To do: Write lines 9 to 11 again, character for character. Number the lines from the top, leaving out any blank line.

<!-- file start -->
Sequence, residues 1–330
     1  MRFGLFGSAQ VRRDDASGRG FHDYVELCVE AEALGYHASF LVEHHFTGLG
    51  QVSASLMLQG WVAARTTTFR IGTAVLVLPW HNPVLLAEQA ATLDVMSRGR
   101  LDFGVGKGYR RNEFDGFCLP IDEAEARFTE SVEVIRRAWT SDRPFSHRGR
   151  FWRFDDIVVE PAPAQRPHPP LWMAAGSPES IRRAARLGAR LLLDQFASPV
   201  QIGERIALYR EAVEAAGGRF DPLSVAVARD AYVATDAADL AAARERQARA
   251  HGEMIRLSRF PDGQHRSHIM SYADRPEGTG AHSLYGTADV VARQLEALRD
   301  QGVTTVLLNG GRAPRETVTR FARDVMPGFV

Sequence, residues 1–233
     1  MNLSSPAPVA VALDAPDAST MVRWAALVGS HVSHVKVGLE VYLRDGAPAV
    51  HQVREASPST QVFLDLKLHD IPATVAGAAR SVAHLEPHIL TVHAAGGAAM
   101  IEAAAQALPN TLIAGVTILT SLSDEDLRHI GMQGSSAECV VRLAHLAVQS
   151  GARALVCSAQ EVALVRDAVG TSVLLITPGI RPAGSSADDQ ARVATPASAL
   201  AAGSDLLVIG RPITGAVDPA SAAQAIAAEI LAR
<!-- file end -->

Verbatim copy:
Sequence, residues 1–233
     1  MNLSSPAPVA VALDAPDAST MVRWAALVGS HVSHVKVGLE VYLRDGAPAV
    51  HQVREASPST QVFLDLKLHD IPATVAGAAR SVAHLEPHIL TVHAAGGAAM